Growing ranks of U.S. citizens are heading to street corners and home improvement store parking lots to find day-labor work usually done by illegal immigrants.
The trend is most pronounced in regions where hot construction markets have collapsed, says Abel Valenzuela Jr., a professor of urban planning at the University of California-Los Angeles.
“You had many, many unemployed construction workers who found themselves without any permanent or stable work,” he says. “Some of them have gone on to seek employment by standing on street corners alongside immigrant workers.”
Valenzuela estimates the proportion of U.S.-born day laborers has at least doubled since he released a report in 2006, when his research showed they made up 7% of the day-labor workforce. At that time, Valenzuela estimated 117,600 people were looking for or doing day-labor jobs on any given day. Illegal immigrants were 75% of the day-labor workforce; the rest were legal immigrants.
“It’s becoming more ethnically diverse. On the corners, I’ve seen white people, I’ve seen African Americans and a lot of Mexican Americans,” says Pablo Alvarado, executive director of the National Day Laborer Organizing Network. “When unemployment benefits run out, I expect to see more.”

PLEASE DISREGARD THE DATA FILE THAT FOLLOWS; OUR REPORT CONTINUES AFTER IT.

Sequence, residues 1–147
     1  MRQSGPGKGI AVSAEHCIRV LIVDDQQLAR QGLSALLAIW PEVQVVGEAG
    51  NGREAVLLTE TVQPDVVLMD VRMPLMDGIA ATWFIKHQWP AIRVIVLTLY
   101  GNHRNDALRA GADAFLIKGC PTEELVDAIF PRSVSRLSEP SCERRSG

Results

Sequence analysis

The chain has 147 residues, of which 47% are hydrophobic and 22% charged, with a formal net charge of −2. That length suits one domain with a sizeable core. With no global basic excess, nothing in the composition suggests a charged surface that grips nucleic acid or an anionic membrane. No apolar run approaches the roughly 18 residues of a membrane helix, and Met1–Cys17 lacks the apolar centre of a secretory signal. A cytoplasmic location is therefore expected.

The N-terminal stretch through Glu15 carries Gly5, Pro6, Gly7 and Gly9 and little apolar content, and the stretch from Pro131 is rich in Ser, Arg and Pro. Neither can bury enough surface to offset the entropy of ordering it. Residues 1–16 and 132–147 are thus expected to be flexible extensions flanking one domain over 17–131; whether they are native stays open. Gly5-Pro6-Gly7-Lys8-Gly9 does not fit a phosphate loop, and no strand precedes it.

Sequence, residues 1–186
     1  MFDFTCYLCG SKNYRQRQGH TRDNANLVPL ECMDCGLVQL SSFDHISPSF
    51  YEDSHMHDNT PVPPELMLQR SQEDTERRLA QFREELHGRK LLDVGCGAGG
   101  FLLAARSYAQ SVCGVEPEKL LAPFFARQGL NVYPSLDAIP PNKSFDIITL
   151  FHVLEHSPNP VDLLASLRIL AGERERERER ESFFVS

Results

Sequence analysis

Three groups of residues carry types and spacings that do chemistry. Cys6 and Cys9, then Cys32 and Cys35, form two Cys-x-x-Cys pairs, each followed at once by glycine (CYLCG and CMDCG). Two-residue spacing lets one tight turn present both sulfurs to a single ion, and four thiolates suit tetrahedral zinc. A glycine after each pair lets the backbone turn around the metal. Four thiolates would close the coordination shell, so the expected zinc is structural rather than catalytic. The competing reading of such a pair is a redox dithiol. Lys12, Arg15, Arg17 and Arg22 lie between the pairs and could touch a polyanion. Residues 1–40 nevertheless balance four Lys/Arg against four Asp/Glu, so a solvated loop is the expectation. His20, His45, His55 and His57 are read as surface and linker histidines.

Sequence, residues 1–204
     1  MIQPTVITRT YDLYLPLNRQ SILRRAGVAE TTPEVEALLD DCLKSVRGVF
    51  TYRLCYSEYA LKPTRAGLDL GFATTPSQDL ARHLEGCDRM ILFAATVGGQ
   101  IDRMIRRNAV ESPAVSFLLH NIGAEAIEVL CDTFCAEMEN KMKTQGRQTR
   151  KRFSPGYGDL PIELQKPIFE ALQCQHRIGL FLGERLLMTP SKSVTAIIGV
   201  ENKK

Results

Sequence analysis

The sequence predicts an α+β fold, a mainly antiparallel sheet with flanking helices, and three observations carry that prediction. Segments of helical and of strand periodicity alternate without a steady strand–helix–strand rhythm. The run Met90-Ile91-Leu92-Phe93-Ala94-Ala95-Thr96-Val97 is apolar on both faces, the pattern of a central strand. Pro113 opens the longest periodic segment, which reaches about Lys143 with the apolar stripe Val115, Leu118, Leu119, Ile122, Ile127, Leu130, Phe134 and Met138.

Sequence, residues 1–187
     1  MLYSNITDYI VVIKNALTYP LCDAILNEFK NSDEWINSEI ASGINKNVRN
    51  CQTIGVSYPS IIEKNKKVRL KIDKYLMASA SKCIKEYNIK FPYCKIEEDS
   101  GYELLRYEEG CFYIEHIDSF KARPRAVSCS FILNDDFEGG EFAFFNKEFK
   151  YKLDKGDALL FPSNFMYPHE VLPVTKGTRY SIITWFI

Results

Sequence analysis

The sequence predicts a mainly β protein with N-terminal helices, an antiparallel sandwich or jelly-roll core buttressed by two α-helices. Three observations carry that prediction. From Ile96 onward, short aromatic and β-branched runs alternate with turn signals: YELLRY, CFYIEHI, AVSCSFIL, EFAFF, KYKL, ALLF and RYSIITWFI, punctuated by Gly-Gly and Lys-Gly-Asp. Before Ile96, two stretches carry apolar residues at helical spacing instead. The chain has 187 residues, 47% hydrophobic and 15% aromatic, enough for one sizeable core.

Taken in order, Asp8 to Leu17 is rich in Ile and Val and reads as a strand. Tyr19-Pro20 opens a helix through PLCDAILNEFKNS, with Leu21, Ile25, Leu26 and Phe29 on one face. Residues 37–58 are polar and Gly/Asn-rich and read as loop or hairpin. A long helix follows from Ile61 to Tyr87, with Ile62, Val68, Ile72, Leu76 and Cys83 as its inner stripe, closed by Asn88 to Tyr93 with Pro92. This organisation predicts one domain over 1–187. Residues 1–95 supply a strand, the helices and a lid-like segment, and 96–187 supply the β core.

Among the communities seeing an increase in U.S.-citizen day laborers:
oArlington, Va. Construction workers recently laid off are showing up at the day-labor hiring site run by the Shirlington Employment and Education Center, says executive director Andres Tobar: “We’re seeing people who hadn’t come to our center before who are legally here and U.S. citizens, and who are skilled workers and can’t find work.”
oLos Angeles. Citizens are replacing immigrant day laborers who had trouble finding work and returned to their home countries, says Antonio Bernabe, senior organizer of the Coalition for Humane Immigrant Rights of Los Angeles.